Take political parties, for example. Of all organizations, the political parties need reputation management across the world. What do they do? First of all, they try to show their integrity so that the people may rely on them and vote for them. They need reputation management the most. The people are all the time watching their activities. Imagine our ICT Advisor to the Prime Minister Sajib Wajed Joy arranging an Asian summit where sons and daughters of all heads of state of Asian nations would gather in Dhaka. Imagine what would happen to the image of Bangladesh Awami League if he can arrange such a gala meeting!
The initiative, if taken up, would ultimately put an impact on the country’s image!
Corporate Social Responsibility (CSR) activities have become one of the best ways to build your expected social reputation. One of the objectives of CSR is to care for the society in which we do business. At the same time, companies can immensely benefit and establish a trustworthy image in the society. The impact of doing CSR is a long-term affair.
Look at Prothom Alo – a vernacular daily of Bangladesh. How did it establish itself as a credible provider of news? Yes, of course, it had always cared for providing accurate news and analyses. On the top of their core business, they have also been also upholding a cause – a cause to eliminate acid violence in the country. They have run numerous campaigns across the country in order to prevent this crime.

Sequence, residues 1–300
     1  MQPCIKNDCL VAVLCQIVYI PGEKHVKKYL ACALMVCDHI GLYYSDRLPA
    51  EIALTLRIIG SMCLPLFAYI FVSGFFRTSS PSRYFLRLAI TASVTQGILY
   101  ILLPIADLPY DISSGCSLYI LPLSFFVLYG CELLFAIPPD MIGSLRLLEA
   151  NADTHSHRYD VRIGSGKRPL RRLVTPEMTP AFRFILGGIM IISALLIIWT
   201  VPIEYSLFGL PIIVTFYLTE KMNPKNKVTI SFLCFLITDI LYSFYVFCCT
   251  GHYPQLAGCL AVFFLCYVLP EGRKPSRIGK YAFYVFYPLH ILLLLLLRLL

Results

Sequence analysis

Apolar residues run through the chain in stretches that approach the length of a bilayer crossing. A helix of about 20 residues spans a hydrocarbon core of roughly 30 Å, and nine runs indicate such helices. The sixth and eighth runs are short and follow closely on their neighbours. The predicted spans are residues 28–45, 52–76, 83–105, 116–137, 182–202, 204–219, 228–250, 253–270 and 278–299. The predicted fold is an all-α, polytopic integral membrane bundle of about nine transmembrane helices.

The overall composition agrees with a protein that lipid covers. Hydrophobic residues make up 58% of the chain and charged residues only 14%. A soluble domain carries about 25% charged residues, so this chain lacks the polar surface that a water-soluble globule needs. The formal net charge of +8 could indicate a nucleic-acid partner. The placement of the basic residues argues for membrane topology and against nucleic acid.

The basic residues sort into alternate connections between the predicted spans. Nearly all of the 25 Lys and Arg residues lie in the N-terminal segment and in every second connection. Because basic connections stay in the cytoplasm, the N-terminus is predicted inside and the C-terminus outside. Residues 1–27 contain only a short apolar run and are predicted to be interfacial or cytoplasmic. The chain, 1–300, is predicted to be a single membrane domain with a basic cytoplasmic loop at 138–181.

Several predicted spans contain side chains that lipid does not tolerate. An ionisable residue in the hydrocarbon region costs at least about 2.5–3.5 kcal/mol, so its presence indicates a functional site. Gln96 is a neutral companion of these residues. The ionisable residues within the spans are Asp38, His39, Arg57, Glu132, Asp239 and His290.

This newspaper has thought of quite a lot of other social causes also. Inspiring the students across the country for focusing on science and mathematics has been another arena that they have been working in.
Look at Nitol Motors. They sell motorized vehicles. The chairman of this company had been upholding the cause of safe-driving with a tagline “Ekti durghotona shara jiboner kanna” (One accident will make you cry all your life). This slogan reminds each and every person in the country that we must stay away from accidents; it showed that this company cared for the customers. This one tagline, I believe, have benefitted the company in boosting its social image.
I know of a digital company in Sri Lanka that runs a huge campaign on “how to use technology wisely”. This campaign – a CSR project — aims to make the people aware of the benefits of technology as well as the hazards of it. The Sri Lankans love this company for running this project and its social respect has been quite high since they had launched the campaign.
Social reputation has always been important to everybody, every family, every company and every country. Some cared to work on it; some didn’t bother. Those who cared, gained mileage in whatever they were doing. Many companies in Bangladesh run some CSR activities, but it doesn’t look like that they are well thought-out activities. We aren’t passionate about managing our social reputation through CSR programmes.
We’re yet to fathom that television commercials don’t boost the image, our work does.
First published on Bangla Tribune website: http://en.banglatribune.com/opinion/opinion/5189/Why-social-reputation-matters